Having been tantalised by the nibbles we wait eagerly for the first course proper. Mookie’s second match arrives – earl grey tea and strawberry which is wonderfully sweet and refreshing. The bergamot florals work well with the chilled broth of broad bean, strawberry, green almond with a sorbet of fig leaf and yoghurt whey. Continuing the “cool down” after the heat outside but also with a fresh crunch and slight sweetness, it makes for a lovely salad. I sit back, sipping Chardonnay, to watch the elegance of the floor staff, its almost like a dance. I smile to Mookie and she returns a smile. Our bread arrives, its nice to be one of the first bookings because the first dishes come fast and then the graduation between dishes slows over the course of the meal which is great, nothing worse than waiting when hungry or having to eat when you need time to digest.
The butter is fresh churned but not cultured giving it a fresh creamy but not cheesey taste. The bread is crusty – its been baked just outside and is very caramelised (a little too much) but such is the nature of baking with coals. The bread has a pleasant sweetness and almost damper like density which contrasts with the previous dish. I can really begin to understand the French obsession with bread when it is this good. I rarely eat bread unless dining out.
A short wait, we are asked if we would want any more bread but Mookie and I are both eager to continue our culinary journey through chef’s creations. Always hungry is the appetite that can only be sated by the new or different. Not to disappoint, a dish of calamari, black lip abalone (one of my favs), broccoli and blue mackerel arrives covered in nasturtium leaves with garlic flowers and swimming in broth. It is such a lovely delicate soup – the light saltiness of the broth, the leaves offering pepper and the abalone and calamari sweetness. I must say that these consomme’s really do it for me. Two are in my top ten dishes of all time. Nasturtium brings back memories of my childhood and my mother who would have them on bread with only a little butter. Somewhat akin to the ratatouille moment for Anton Ego in Disney’s classic foodie film of the same name. A simple dish yet elegant in its simplicity.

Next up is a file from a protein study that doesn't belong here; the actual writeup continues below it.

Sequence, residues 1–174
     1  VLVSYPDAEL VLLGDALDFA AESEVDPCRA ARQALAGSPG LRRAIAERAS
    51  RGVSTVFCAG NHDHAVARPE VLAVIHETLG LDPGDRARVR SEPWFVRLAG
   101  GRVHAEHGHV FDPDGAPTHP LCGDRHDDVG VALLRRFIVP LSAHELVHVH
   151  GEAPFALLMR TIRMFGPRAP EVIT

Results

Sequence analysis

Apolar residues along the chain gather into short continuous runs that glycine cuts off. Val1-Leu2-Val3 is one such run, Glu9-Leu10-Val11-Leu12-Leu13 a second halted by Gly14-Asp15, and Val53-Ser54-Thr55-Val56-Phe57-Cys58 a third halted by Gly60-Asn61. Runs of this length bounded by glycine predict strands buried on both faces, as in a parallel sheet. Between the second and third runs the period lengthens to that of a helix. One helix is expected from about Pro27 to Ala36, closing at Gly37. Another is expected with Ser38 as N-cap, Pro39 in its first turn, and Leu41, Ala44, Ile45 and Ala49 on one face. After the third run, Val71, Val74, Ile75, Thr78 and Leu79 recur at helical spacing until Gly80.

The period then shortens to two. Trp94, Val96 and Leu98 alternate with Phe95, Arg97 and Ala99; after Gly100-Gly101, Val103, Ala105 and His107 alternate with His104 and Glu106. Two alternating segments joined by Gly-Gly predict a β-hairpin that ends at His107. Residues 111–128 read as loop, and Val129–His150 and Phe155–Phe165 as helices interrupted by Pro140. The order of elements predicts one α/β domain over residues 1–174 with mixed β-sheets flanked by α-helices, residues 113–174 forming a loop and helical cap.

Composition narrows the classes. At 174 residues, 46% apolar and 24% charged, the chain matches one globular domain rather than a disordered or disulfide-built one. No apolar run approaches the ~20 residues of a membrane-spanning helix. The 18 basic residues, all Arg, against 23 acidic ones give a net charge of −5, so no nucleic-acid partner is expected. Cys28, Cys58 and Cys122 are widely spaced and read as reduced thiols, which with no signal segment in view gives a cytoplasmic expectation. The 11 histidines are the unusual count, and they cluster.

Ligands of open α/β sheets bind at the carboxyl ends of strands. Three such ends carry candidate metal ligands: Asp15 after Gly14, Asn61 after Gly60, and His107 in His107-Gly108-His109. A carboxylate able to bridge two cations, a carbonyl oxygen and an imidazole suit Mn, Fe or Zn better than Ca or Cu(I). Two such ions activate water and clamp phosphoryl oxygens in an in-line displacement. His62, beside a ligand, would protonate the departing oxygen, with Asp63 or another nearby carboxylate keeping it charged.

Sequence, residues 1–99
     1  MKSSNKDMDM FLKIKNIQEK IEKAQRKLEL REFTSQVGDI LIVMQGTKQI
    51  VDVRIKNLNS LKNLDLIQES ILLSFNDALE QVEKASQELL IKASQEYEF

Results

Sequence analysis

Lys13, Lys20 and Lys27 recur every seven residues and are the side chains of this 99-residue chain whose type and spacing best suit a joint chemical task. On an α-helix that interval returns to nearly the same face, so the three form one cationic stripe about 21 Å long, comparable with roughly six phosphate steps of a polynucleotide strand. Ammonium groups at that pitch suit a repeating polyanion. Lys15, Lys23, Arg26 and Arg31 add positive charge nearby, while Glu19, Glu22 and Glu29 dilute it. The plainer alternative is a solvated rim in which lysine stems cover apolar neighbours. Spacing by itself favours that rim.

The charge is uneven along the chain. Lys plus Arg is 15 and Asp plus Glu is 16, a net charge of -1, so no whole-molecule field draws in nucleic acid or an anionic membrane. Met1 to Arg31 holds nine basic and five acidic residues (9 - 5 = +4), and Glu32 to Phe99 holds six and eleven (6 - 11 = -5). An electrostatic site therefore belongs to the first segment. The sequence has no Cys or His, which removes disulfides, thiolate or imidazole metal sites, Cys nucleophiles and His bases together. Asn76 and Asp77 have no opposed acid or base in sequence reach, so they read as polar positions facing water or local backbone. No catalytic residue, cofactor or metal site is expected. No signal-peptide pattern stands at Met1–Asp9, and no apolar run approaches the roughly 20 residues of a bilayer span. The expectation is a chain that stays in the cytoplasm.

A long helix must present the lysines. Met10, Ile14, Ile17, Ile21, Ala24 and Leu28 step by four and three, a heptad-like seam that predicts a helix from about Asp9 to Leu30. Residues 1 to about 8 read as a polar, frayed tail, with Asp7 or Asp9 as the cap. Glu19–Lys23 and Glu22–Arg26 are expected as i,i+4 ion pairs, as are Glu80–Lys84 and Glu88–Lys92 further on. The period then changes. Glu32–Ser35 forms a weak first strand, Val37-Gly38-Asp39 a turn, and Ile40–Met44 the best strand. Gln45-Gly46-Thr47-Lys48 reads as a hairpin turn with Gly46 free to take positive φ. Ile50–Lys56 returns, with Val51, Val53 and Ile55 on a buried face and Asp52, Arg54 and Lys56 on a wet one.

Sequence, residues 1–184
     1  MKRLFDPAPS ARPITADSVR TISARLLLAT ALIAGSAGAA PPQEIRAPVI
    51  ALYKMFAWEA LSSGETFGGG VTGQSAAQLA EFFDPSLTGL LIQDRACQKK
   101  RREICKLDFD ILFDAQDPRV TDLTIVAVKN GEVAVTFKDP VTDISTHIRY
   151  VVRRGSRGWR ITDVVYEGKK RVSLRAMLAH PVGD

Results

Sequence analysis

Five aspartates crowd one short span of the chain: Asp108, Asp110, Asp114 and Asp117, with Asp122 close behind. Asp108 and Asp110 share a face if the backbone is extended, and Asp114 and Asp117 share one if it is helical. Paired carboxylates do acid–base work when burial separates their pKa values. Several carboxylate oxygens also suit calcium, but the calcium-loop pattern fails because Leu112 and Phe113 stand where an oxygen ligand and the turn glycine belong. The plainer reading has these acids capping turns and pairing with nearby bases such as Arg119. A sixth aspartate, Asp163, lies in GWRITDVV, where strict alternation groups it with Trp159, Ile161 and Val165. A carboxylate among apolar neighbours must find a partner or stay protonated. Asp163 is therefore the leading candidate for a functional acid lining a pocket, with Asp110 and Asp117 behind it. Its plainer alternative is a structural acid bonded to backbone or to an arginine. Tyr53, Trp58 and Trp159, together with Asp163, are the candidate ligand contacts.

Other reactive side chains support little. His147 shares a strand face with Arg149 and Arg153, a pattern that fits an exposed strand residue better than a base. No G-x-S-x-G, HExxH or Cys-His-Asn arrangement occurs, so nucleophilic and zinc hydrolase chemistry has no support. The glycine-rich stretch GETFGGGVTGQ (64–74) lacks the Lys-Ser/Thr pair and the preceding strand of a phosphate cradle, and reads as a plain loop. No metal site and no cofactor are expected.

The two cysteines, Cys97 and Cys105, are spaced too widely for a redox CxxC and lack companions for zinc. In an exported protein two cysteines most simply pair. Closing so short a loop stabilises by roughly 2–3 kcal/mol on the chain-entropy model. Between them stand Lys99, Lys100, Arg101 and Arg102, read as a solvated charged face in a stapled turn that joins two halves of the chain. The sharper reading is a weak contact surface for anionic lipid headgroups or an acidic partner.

It looks hot outside, more diners arrive and they themselves look well cooked after the morning heat. They are greeted and seated and the dance begins anew for them. I watch the chef. He is constantly monitoring the tables and frequently gives notes to the floor manager. I also note how many of the chef’s behind him are using overlong tweasers to plate the food. Mookie is waxing lyrical about the juice – this course it is cucumber, lime and black mitcham soda.